Reach for essence of thought, and the mark follows. 

With Philip Guston in art world news recently, apparently because of the controversial acquisition of a large number of his paintings by the Metropolitan Museum of Art in New York, I thought I would relate my own experience of meeting Guston in 1963, what I learned from him, and my philosophical musings about our painting styles.

Photo of Philip Guston by Sol Libsohn, 1940. Archives of American Art / Wikimedia Commons

Photo of Philip Guston with mural, talking with children. By Sol Libsohn, 1940. Archives of American Art / Wikimedia Commons

Guston had been a WPA painter when he was young. He painted in the abstract expressionist style for a while, then had a mid-career transition and started painting things like his controversial, socially-conscious paintings of people wearing KKK hoods. He was a Jungian. He went back to painting clubs (maces) and flatirons and delightfully ugly things.

I had been awarded a scholarship to the Yale Norfolk School of Art during their summer program in 1963. Philip Guston was a featured guest artist at the school that summer. He decided to give his lecture on the campus lawn sitting in a folding chair, holding court for five hours. All 30 of the summer school students were there at the beginning, but by the time Guston was finished talking, there were only four of five of us left, including me.

One of the good takeaways from Guston’s talk was his description of how he painted. He told us he typically walked up to a canvas on the wall, stood flat-footed, and painted for thirty minutes without stepping back to look, the way most people do. After that he would go and make a cup of coffee, walk back, sit a good distance away, and look at the painting for another 30 minutes or more. He then approached the canvas again and stood flat-footed, making marks for another 30 minutes. In other words, he advised not looking at your expressionist painting while making it.

He emphasized thought first, then make your mark. Reach for essence of thought and the mark follows; make each mark with great intent. The idea and the mark should be the same.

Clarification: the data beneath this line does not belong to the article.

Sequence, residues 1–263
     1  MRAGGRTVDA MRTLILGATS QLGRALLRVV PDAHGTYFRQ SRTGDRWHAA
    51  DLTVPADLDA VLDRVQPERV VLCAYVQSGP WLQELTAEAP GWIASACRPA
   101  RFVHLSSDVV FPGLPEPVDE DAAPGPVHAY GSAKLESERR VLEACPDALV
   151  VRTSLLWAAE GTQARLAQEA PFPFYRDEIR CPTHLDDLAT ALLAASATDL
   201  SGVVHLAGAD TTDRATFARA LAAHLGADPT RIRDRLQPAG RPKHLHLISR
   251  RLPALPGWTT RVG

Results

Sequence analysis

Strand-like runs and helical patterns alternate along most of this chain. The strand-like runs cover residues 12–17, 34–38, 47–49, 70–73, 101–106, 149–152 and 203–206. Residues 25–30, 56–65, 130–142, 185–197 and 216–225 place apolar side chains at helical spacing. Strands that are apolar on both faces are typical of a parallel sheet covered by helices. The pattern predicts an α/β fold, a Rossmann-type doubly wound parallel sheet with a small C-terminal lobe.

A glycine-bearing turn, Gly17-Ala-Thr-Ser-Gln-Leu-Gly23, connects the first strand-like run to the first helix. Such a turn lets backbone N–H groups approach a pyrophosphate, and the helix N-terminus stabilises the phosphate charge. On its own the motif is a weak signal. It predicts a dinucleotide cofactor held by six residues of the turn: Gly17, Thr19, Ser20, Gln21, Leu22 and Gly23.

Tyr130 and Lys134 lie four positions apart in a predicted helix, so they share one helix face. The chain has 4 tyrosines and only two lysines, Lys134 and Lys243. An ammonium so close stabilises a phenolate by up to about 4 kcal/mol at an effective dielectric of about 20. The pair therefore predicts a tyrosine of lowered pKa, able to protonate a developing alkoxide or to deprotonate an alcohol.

He also said that when he thought of blue, he would reach for orange. In reaching for paint, jars became the thought.

Consistent with what I learned from Guston, art critic and curator Robert Storr wrote that Guston experienced a strong urge to paint very quickly without even a brief time interval to reach between paint cans, palette, and canvas. The urge became so strong that he would make himself stand and work almost frantically without stopping, and without backing up to look at what he was painting. (From Storr’s book Guston, New York, 1986, p. 25.)

Here is a link to a Christie’s lot essay that elaborates on Guston’s paintings and the development of his technique.

Ronald Davis - Outside Cs - 1969 resin painting

Ronald Davis – “Outside C’s,” 1969. Diptych, shaped. Each panel: 33 x 47 ½ inches. Molded polyester resin and fiberglass


In my own work, specifically my illusionary polyester resin and fiberglass paintings, I didn’t get to look at the painting until it was done, after I pulled it off the mold, because I painted them from front to back, sight unseen — standing flat-footed.

In painting my 3D illusions, backwards, it forced a spatial depth that couldn’t be violated. I always started with a cartoon mockup of these resin paintings, a small line drawing on acetate or paper, sometimes colored-in with cel-vinyl acrylics. The cartoon mockup was enlarged (not projected) by marking the voxels of each shape’s edges onto the waxed mold that was built on a formica table, taping the edges, and applying layers of colored polyester resin (as paint). The last layer was fiberglass cloth laid directly behind the resin, analagous to canvas as a support.

Guston’s advice foreshadowed what I would come to learn from my own experience in the studio, which is that making a painting is very different from looking at a painting.